Aside: A commentary on Federalist 51 is up at “The Irate Nation,” if you’re curious.
On Polemarchus: Commentary on the Republic of Plato, 331d-336a (part 2)
“But as to this very thing, justice, shall we so simply assert that it is the truth and giving back what a man has taken from another, or is to do these very things sometimes just and sometimes unjust? Take this case as an example of what I mean: everyone would surely say that if a man takes weapons from a friend when the latter is of sound mind, and the friend demands them back when he is mad, one shouldn’t give back such things, and the man who gave them back would not be just, and moreover, one should not be willing to tell someone in this state the whole truth.”
– Socrates contra Cephalus, Republic 331c
Socrates is able to dismiss Cephalus, I assume, because of the rigor of the questioning alone. If that assumption is true, then why does he pick this particular example to both end his time with piety and begin a discussion one might characterize as philosophic?
The key issue is that of insanity. The easiest way to discuss the issue is outside of the quote, so let’s just skip to the end and work backwards. If there is a city in speech, that means people can discuss what justice is, and that a diversity of opinions can be comprehended in the unity that is Thought. That fundamental Platonic teaching is implicit in the Meno: that people have opinions – just that mere fact – means there is such a thing as Truth, otherwise, where do opinions get any validity from? But it also means that Truth isn’t as simple as “God told me this, and yeah it sort of makes sense, but we’re all going to live by it anyway because it was Revealed.” And it also doesn’t mean that every opinion is correct, either. In fact, what it means is that every opinion of a certain sort can contribute to helping us reach at the Truth – the number of opinions about Justice help us think through the problem and arrive at some halfway decent conclusions about Justice – and that some opinions may not contribute that much.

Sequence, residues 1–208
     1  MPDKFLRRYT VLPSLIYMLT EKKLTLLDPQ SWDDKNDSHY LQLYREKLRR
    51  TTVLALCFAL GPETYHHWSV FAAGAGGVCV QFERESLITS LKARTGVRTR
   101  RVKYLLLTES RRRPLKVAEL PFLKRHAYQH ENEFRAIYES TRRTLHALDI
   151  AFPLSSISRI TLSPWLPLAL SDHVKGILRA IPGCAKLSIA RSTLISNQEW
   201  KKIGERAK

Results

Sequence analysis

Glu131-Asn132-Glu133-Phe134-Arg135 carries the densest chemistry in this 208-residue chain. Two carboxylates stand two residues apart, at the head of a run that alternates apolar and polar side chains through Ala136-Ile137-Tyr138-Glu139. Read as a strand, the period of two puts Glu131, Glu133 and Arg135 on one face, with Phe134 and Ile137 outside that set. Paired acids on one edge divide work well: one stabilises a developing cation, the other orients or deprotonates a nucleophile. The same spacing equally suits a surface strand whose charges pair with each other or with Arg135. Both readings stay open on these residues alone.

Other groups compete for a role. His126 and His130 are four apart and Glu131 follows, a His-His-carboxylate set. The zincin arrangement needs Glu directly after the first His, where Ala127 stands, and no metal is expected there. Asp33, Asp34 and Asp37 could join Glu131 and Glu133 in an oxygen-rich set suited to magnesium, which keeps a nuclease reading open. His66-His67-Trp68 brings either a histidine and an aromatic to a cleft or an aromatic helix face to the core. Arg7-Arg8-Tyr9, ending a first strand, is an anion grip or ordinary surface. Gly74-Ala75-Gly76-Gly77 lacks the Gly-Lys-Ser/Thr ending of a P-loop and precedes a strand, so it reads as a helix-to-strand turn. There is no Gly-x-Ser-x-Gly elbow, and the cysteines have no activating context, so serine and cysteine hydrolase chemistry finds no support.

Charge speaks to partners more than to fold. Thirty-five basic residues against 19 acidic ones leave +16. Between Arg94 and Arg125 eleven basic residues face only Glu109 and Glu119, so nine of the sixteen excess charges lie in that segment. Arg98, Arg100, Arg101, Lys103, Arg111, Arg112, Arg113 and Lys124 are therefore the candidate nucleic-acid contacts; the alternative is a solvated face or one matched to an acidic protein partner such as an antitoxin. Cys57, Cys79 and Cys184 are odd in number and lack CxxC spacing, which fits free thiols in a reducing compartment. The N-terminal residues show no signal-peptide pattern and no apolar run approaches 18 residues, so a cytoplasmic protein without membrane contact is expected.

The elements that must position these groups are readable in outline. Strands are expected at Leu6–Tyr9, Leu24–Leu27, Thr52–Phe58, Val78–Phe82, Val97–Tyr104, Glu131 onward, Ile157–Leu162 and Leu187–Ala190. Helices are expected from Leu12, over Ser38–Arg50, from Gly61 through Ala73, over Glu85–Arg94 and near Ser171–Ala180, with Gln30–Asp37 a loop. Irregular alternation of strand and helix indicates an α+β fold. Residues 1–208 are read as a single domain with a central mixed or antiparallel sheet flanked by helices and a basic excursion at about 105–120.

In fact, some opinions might not contribute at all: they might distract from the ability of people to employ logos (both “speech” and “reason”). So the question of “insanity” is the question of “Who can engage in the conversation we are about to have about Justice, truly?”
Now Socrates takes the case of the madman and the weapons and divides it into three problems: firstly, one ought not to give back the weapon, secondly, it would be unjust to do so, and thirdly, the truth would be dangerous in this case. We move from self-preservation to the literal fact of justice to the problem of justice in the abstract: “I can’t discuss the issue of whether this is just or unjust with you because you’re bonkers.” That trifold distinction is mirrored, not unsurprisingly, in the tripartite soul of book 4: appetitive, spirited and rational all follow directly from it.